Report: States Lag in Reporting to Medicaid Managed Care Database
July 8, 2015 in News
Several states are failing to report certain required information about Medicaid managed care beneficiary services to a national database, according to a recent report from the HHS Office of Inspector General, Modern Healthcare reports (Schencker, Modern Healthcare, 7/6).
For the report, OIG looked at encounter data reported to the Medicaid Statistical Information System by 38 states in the third quarter of 2011 (OIG report, 7/3). Encounter data explain what services are provided to beneficiaries in managed care plans. Such data are used for:
- Setting rates;
- Quality assurance;
- Reviewing utilization; and
- Performance evaluation of managed care entities.
OIG found that eight states did not meet the reporting deadline for submitting encounter data on any entity to a national database and 11 states did not report data for all managed care entities.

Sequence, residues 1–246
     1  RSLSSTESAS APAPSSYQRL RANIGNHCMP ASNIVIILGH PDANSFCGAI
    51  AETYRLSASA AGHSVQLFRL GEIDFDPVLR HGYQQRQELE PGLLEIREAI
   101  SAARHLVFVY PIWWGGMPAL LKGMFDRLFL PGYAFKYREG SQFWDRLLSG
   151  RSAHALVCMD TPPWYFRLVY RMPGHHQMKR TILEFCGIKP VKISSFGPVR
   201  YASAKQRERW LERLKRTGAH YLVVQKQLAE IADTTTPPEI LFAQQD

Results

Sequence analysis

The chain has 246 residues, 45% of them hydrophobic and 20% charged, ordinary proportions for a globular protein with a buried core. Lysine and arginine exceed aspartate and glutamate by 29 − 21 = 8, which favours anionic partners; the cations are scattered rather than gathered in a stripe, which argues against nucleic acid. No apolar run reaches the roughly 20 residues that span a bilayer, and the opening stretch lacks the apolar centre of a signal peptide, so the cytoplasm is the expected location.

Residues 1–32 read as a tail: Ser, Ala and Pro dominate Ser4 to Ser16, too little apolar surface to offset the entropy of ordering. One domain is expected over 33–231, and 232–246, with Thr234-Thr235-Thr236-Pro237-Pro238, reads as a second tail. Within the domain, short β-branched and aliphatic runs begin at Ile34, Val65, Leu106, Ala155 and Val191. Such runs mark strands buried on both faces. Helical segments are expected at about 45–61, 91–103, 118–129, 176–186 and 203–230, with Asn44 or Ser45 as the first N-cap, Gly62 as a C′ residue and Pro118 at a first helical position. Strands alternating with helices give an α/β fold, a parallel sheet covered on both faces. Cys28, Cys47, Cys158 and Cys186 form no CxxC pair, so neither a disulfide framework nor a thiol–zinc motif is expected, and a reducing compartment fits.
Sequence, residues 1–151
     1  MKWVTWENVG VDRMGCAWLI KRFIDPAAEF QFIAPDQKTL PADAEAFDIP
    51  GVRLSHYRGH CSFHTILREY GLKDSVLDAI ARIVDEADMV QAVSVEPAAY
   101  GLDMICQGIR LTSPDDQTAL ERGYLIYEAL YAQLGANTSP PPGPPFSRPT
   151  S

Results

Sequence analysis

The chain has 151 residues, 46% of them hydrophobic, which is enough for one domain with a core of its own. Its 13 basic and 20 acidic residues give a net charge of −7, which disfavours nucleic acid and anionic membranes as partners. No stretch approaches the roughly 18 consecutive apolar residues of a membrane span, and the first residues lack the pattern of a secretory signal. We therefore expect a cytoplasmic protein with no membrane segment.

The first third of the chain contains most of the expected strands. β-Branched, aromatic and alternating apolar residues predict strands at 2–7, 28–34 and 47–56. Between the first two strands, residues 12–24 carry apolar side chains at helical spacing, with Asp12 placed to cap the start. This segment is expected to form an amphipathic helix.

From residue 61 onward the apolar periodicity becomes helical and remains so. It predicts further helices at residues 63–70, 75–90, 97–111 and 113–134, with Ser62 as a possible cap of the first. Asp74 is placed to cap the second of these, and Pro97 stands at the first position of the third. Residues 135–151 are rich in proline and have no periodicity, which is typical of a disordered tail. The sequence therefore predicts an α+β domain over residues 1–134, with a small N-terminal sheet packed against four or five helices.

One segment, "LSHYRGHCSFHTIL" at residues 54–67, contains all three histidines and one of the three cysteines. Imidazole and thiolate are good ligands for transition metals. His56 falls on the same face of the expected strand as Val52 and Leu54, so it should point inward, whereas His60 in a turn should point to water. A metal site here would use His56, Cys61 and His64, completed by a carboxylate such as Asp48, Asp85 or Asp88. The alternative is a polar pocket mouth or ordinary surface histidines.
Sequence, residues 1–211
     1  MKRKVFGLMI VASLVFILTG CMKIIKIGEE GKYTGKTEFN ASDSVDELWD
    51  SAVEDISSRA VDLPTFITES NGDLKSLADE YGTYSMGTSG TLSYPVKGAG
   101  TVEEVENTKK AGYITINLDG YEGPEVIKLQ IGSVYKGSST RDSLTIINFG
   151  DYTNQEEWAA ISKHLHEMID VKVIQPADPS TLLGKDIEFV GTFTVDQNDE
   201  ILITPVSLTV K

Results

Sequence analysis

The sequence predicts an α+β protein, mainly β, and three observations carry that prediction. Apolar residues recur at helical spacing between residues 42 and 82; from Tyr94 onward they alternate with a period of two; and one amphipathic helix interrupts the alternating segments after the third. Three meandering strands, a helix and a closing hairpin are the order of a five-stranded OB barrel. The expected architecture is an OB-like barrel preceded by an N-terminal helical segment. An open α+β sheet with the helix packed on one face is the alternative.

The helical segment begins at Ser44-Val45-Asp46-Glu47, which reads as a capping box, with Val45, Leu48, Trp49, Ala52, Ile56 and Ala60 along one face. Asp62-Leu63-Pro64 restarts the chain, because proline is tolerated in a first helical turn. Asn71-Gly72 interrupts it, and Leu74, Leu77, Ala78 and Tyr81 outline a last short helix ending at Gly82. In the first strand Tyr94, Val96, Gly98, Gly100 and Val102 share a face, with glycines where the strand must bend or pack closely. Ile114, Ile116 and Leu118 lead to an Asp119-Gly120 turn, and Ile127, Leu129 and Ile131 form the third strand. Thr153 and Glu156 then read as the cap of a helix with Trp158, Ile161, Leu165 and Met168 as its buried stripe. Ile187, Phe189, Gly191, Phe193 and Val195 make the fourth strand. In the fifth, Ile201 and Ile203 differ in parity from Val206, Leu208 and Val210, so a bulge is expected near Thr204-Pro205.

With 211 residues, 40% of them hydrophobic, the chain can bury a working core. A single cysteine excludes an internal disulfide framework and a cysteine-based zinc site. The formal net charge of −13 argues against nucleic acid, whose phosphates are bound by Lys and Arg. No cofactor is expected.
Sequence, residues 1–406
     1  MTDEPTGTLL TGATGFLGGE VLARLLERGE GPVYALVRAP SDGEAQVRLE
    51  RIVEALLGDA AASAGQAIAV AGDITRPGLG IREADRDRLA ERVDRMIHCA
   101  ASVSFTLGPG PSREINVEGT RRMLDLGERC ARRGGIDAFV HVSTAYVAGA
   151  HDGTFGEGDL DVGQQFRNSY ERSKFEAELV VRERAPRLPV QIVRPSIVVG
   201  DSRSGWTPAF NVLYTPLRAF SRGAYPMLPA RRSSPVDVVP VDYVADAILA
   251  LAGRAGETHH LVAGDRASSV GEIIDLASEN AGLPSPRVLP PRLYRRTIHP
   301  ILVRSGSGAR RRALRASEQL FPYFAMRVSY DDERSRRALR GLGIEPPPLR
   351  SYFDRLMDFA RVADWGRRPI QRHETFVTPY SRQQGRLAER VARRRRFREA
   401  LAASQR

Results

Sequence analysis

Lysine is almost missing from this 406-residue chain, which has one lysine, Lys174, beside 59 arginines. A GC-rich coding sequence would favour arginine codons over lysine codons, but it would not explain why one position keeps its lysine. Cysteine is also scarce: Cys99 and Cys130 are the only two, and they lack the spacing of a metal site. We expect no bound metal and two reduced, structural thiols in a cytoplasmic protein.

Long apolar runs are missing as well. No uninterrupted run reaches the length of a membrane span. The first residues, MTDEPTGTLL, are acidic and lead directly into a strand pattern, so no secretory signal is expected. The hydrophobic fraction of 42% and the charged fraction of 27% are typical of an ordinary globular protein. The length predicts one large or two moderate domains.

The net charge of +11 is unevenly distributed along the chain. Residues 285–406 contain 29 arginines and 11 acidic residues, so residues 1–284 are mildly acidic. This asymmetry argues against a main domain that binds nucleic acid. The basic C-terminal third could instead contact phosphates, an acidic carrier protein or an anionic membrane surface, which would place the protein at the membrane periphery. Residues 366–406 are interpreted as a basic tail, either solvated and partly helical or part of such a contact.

OIG noted, “The high proportion of beneficiaries enrolled in managed care makes accurate ‘encounter data’ … essential for the oversight of Medicaid as well as prevention of fraud, waste and abuse.”
OIG said that states in the last few years have improved encounter data reporting but noted that work still needs to be done and that CMS should boost efforts to improve reporting.
OIG issued several recommendations to CMS, including:
- Using authority granted by the Affordable Care Act to “withhold appropriate federal funds, to an extent commensurate with the State’s level of noncompliance” from states that fail to meet reporting requirements; and
- Tracking encounter data to make sure states report information for every managed care facility.
CMS said it already has given notice of the creation of a proposed rule that would allow funds to be withheld from states that fail to meet requirements. Under the proposed rule, federal funding would be extended for information systems that help states improve data collection and reporting.
In addition, CMS said it agrees that it should boost encounter data monitoring. The agency said it works with states on data collection and reporting and that it will “continue to work with States to ensure they submit accurate and timely data” (Modern Healthcare, 7/6).